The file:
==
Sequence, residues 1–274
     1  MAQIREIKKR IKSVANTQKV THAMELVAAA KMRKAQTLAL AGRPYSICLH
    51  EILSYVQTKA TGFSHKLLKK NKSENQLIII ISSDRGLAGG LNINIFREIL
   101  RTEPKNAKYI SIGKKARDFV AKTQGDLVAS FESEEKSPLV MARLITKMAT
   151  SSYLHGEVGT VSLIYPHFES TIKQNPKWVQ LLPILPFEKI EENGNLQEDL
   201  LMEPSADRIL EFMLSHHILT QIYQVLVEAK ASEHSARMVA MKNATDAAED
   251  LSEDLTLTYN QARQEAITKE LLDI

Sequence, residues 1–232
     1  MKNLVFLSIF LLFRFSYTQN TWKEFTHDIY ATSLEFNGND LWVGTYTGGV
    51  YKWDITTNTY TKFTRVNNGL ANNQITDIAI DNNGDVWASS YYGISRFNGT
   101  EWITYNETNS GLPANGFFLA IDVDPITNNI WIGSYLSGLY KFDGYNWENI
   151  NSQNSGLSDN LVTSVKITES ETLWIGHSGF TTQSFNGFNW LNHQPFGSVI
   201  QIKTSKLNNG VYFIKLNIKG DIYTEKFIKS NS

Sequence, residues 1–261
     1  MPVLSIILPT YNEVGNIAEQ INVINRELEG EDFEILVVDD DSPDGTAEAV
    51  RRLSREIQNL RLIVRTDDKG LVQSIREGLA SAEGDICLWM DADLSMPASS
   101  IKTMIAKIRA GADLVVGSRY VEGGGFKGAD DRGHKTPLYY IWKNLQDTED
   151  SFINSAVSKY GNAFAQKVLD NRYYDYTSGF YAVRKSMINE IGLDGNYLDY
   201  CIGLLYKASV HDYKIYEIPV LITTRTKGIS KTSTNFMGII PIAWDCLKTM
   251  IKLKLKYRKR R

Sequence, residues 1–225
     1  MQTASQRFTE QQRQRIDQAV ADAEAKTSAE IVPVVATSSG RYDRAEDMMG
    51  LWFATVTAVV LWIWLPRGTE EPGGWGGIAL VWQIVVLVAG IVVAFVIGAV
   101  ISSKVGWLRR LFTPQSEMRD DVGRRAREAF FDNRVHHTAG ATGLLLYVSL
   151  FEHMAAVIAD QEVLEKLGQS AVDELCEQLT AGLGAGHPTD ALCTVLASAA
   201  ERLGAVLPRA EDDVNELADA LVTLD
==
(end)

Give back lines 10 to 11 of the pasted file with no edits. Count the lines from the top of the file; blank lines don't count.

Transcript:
    51  YKWDITTNTY TKFTRVNNGL ANNQITDIAI DNNGDVWASS YYGISRFNGT
   101  EWITYNETNS GLPANGFFLA IDVDPITNNI WIGSYLSGLY KFDGYNWENI